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4.a Disabilities
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4.c Health institutions

In Germany, parents’ socioeconomic status and level of education has a big impact on the health of children and adolescents. When parents are poor and lack education, children and adolescents eat less healthily, exercise less, are less involved in sports clubs, and are thus more frequently overweight or obese than their peers from families with a better social status. Sugary food and drinks play a key role here, as they are consumed particularly heavily by children and adolescents from families from lower socioeconomic backgrounds. In addition to causing numerous physical complaints, obesity also negatively affects children’s and adolescents’ confidence and feelings of self-worth.

Around 20 percent of children and adolescents in Germany display symptoms of psychological abnormalities. The children of parents without any educational qualifications are 44 percent more likely to suffer from behavioural disorders such as ADHD compared to the children of educated parents. Boys aged between 7 and 13 especially tend to be diagnosed with ADHD/hyperkinetic disorder and treated with psychotropic medication. There is much evidence to suggest that behavioural problems in children often have no internal causes, and are instead based on unfavourable development conditions, resulting in many misdiagnoses.

In 2016, 26 percent of all children received diagnoses indicating a potentially chronic somatic disorder, while 9 percent of all children also have a potentially chronic psychological disorder. These chronic illnesses may lastingly impede development or even entail further secondary disorders, which is why children and adolescents need access to medical and educational services.

The risk of parents not identifying chronic illnesses as such is three times as high in families with low socioeconomic status as it is among families with high socioeconomic status. This is particularly problematic, as chronic limitations appear more commonly in children from families with low socioeconomic statuses. Many federal initiatives, such as ‘IN FORM’ or the national ‘Gesund aufwachsen’ (‘Growing up healthy’) health target seek to promote the health of children and adolescents and eliminate social differences and disadvantages. Specific measures, such as training or courses, designed to change behaviour – and create a healthier lifestyle – are rarely effective, and often have no impact on socially disadvantaged groups. The important thing is to change the living conditions of children and adolescents in such a way that it is easier for them to make their own health-promoting decisions.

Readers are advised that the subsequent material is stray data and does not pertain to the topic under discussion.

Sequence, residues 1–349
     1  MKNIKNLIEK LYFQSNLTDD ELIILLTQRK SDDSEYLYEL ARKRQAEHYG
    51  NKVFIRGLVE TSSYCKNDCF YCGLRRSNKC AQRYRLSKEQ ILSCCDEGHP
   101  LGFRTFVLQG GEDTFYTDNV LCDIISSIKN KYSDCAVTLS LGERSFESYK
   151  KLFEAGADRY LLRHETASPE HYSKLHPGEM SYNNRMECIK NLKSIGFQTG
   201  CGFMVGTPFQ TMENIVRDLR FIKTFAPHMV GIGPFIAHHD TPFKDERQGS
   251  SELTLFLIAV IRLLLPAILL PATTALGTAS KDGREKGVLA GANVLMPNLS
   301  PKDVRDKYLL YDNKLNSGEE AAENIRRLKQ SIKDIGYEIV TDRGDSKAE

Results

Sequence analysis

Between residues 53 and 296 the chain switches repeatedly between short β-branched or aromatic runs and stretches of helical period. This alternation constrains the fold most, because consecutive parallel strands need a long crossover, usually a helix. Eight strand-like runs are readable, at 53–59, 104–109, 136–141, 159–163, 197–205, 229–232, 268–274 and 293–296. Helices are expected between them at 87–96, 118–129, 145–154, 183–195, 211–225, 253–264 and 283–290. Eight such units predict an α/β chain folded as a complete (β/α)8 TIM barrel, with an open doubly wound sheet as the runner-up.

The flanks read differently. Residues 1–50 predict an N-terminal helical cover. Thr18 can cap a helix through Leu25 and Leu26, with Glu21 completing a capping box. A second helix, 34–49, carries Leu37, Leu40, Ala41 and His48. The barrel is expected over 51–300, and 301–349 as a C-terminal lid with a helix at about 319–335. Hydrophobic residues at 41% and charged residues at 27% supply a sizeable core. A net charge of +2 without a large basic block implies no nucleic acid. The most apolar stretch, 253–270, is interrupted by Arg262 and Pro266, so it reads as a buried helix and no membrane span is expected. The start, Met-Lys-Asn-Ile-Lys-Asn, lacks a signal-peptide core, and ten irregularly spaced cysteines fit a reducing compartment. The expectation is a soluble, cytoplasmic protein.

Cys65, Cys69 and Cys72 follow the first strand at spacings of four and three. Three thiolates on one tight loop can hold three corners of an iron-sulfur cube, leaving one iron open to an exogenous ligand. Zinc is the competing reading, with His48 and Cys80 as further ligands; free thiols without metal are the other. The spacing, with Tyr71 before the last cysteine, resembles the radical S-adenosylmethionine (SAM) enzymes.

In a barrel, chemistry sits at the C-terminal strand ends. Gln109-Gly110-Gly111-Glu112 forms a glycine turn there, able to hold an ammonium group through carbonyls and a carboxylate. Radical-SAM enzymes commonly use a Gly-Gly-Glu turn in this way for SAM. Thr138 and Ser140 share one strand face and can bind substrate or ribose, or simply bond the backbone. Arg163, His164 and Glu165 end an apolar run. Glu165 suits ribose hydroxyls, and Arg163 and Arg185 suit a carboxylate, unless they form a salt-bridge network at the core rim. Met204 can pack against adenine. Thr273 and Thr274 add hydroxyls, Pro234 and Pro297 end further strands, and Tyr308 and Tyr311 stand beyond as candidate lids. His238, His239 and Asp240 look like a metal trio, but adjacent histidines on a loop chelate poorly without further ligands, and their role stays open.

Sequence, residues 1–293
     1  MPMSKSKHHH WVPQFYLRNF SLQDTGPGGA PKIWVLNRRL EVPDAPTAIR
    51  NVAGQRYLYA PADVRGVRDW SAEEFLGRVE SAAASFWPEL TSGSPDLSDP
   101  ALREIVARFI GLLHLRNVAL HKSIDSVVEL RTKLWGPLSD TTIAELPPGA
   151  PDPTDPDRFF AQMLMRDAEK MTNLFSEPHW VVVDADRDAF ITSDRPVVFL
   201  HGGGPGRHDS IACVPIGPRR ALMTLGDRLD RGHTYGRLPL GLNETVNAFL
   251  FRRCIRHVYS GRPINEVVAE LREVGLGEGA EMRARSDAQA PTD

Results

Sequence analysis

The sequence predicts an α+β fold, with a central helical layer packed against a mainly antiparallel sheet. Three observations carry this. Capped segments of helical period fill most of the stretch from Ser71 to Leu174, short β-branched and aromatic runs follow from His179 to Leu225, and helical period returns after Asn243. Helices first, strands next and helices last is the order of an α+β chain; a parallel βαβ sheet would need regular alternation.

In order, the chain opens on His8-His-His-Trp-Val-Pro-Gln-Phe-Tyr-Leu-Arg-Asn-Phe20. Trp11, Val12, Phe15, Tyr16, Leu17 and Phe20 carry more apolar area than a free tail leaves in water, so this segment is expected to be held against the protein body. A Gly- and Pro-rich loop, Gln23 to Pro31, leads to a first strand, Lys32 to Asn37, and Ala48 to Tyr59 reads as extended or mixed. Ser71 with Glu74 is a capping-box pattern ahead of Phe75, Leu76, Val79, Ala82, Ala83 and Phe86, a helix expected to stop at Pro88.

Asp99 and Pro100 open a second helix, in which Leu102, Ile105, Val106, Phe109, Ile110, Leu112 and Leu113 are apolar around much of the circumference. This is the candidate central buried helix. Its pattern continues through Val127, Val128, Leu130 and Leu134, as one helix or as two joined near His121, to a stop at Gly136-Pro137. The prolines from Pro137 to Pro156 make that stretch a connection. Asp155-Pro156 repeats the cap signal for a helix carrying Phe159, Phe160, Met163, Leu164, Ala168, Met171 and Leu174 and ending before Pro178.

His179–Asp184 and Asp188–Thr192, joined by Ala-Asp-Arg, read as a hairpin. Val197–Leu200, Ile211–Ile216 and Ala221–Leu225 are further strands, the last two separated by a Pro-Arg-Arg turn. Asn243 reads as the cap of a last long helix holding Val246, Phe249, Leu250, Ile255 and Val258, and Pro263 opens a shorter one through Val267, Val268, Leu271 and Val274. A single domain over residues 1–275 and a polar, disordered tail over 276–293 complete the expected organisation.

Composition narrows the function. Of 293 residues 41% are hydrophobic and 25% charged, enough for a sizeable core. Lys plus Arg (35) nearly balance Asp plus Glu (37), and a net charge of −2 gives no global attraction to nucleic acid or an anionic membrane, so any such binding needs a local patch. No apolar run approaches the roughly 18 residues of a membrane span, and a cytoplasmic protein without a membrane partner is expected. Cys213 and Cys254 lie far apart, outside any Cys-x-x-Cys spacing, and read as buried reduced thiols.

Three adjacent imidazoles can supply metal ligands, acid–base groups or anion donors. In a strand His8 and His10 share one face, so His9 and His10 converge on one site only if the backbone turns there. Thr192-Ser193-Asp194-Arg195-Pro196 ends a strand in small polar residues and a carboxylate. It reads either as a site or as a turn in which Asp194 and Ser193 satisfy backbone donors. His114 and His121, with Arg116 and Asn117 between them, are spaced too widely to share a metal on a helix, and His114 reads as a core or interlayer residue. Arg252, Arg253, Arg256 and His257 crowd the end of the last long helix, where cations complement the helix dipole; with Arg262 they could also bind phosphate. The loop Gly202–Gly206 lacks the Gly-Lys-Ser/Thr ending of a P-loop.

School as a living environment is also a source of concern: 43 percent of school pupils suffer stress as a result of excessive performance pressure, poor grades, a dysfunctional pupil-teacher relationship, or bullying at school and on social media. As such, a third of school pupils complain about headaches, back pain, sleeping problems and panic attacks. The stress increases the higher the year level, and many children and adolescents feel that school is a burden.

  • The National Coalition Germany recommends that the UN Committee call on the German federal government to
  • 92. Work with states, municipalities and civil society to develop comprehensive health-promoting initiatives which strengthen the state of health of children and adolescents from families with low socioeconomic statuses;
  • 93. Create framework conditions for chronically and mentally ill children which facilitate complex, personalised treatment and support management based on the diagnosis, severity of the symptoms, and the living conditions of young patients;
  • 94. Work with states and municipalities to make child-focused facilities (such as day-care centres, schools or open youth clubs) health and resilience-promoting places of learning and living, and establish health education in the curricula.
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4.a Disabilities
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4.c Health institutions
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